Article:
A federal judge will hold a hearing Tuesday in a long-running Alabama Democratic Party dispute that overturned party leadership in 2019.
Two former top officials in the party, Randy Kelley and Janet May, filed the lawsuit in January. They sued state Democratic Party Chair Chris England, the Democratic National Committee and the DNC chair.
Kelley and May base their claims on a 1989 lawsuit over Black representation on the State Democratic Executive Committee. That case was settled by a consent decree in 1991.
Kelley and May claim bylaws adopted by the SDEC in October 2019 violate the consent decree by reducing the influence of the party’s Black caucus to elect at-large members to the SDEC. They claim the bylaws violate the Voting Rights Act and the 14th and 15th amendments to the Constitution and because they were adopted for the purpose of diluting Black voting strength.
Kelley and May asked the court to declare the bylaws violate the consent decree, the Voting Rights Act, and the Constitution, and to grant “any further relief which may in the discretion of the Court be necessary and proper.”
Barry Ragsdale, an attorney representing England and the other defendants, wrote in a response to the lawsuit that the bylaws do not violate the 1991 consent decree and uphold the principle of ensuring that Blacks are represented on the SDEC in proportion to their participation in Democratic primaries.
According to Ragsdale, 62.8 percent of SDEC members are Black, the same percentage as before the new bylaws. Ragsdale also noted that England is the first Black to serve as state chair of the party.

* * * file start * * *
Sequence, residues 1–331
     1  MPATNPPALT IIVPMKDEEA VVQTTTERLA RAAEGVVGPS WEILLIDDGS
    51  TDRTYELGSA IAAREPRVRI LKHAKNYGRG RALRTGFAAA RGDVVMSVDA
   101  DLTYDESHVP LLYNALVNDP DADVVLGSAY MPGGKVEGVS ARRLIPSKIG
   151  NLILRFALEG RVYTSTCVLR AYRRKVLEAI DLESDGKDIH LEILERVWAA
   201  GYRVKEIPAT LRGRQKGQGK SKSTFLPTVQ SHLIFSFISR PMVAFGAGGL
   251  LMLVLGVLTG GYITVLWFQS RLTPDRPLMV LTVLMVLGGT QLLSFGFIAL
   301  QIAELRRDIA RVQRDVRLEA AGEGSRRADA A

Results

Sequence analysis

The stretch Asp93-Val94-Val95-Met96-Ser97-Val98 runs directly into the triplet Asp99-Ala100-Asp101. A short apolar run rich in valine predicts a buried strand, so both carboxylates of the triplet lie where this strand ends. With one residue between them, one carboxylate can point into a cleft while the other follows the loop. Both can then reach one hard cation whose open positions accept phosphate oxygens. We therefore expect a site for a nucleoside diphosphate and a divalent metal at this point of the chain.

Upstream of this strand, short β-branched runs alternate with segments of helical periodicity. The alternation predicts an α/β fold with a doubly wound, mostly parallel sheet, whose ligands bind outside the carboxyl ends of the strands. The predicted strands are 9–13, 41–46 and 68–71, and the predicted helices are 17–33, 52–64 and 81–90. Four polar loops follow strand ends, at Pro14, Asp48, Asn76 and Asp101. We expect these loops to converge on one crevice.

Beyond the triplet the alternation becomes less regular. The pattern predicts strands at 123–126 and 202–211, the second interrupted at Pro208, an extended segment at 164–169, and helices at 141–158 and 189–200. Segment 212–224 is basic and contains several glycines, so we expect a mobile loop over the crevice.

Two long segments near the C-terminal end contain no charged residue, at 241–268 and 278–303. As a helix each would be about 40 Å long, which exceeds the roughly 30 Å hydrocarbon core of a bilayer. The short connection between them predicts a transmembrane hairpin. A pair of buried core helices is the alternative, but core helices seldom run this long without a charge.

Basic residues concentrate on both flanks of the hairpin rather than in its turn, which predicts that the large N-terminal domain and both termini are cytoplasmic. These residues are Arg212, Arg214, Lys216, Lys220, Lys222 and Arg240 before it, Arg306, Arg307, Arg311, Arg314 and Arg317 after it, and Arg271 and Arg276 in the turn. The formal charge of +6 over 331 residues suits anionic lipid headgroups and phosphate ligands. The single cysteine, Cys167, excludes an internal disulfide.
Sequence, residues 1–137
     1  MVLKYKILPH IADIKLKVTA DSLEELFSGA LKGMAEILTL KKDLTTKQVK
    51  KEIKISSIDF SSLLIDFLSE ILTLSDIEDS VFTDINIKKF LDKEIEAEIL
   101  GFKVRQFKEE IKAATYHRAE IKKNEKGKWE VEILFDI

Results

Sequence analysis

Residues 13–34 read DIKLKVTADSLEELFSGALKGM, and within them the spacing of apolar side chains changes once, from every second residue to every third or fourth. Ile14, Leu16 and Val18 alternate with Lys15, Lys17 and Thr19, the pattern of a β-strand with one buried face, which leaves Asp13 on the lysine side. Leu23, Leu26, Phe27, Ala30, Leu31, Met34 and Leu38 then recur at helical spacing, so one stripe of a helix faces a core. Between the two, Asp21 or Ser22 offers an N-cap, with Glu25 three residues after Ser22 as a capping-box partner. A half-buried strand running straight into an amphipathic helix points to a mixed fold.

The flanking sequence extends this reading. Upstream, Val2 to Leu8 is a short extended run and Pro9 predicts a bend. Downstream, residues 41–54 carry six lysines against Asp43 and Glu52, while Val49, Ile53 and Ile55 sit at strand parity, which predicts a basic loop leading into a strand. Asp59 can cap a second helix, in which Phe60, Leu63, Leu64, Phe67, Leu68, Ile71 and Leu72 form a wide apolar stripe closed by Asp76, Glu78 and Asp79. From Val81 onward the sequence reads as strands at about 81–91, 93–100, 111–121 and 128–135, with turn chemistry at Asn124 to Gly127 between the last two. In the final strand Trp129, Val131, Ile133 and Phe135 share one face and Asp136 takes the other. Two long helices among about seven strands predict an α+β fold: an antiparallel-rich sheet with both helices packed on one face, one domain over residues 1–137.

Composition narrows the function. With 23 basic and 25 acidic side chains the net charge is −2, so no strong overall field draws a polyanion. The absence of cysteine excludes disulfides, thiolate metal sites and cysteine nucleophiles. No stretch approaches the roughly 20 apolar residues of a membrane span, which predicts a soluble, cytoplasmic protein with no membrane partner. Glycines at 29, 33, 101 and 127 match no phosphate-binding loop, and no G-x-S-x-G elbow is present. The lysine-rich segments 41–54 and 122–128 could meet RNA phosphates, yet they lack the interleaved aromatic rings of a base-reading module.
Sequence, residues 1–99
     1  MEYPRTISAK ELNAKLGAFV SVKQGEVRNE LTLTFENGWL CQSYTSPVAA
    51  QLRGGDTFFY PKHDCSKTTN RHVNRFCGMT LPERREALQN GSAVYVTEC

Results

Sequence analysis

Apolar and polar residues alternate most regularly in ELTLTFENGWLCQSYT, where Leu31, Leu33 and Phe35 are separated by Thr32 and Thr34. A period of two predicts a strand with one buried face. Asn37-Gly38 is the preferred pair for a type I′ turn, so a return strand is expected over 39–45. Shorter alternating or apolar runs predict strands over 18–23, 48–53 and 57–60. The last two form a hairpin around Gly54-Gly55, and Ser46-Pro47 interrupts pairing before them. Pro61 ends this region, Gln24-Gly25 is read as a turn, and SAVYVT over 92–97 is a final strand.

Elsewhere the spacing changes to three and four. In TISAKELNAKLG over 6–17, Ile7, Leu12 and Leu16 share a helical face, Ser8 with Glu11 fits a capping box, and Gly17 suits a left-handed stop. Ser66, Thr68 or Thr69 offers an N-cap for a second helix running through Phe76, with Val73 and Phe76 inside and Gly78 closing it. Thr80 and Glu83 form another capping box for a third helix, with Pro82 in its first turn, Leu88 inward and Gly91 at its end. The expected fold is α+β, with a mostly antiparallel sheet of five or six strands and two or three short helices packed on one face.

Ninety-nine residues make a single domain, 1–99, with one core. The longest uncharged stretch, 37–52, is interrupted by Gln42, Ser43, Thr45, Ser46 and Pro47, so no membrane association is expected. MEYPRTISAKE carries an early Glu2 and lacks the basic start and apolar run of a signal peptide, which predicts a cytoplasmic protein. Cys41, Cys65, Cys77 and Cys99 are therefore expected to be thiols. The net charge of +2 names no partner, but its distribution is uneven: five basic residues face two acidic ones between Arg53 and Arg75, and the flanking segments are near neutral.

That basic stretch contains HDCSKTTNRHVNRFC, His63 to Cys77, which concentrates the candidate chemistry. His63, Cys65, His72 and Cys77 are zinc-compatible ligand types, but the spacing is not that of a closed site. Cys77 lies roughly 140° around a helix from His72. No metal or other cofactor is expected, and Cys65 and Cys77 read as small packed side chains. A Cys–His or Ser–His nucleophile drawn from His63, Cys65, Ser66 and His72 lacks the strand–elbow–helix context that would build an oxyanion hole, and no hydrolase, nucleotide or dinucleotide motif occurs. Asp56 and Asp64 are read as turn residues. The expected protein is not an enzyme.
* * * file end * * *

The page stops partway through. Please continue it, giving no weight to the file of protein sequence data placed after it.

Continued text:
The lawsuit is the latest development in a disagreement that surfaced three years ago.
In August 2018, the SDEC re-elected Nancy Worley as party chair and Kelley as first vice chair. Some SDEC members filed complaints with the DNC about the way the election was conducted. The DNC said it found irregularities and ordered the SDEC to hold new elections for chair and first vice chair and to adopt new bylaws. DNC officials said the bylaws should provide for representation on the SDEC not only for Blacks, but also for other minorities.
On Oct. 5, 2019, the SDEC passed new bylaws that created new minority caucuses for LGBTQ, youth (35 and under), Hispanics, Asian-Pacific islanders, and Native Americans. A month later, they met again and elected England, a state representative from Tuscaloosa, to replace Worley as chair, and former Rep. Patricia Todd of Birmingham to replace Kelley as first vice-chair. The DNC and then-Sen. Doug Jones supported the changes.
Worley, Kelley, and longtime Democratic Party leader Joe Reed opposed the changes. Reed is chair of the Alabama Democratic Conference, the predominant Black political organization in the state. Kelley is vice chair of the ADC.
They did not recognize or participate in the adoption of the bylaws or the election of officers that followed. Instead, they supported actions taken at separate SDEC meetings in October and November 2019 and recognized Worley and Kelley as being re-elected to their posts.
But Worley’s efforts to reverse those changes failed in state court last year when a Montgomery judge dismissed the case, saying the court had no authority to settle a party dispute. Reed had said before that state court case was dismissed that the dispute was likely headed to federal court because of the consent decree.
U.S. District Judge Austin Huffaker will hold the hearing Tuesday at 10 a.m. at the federal courthouse in Montgomery.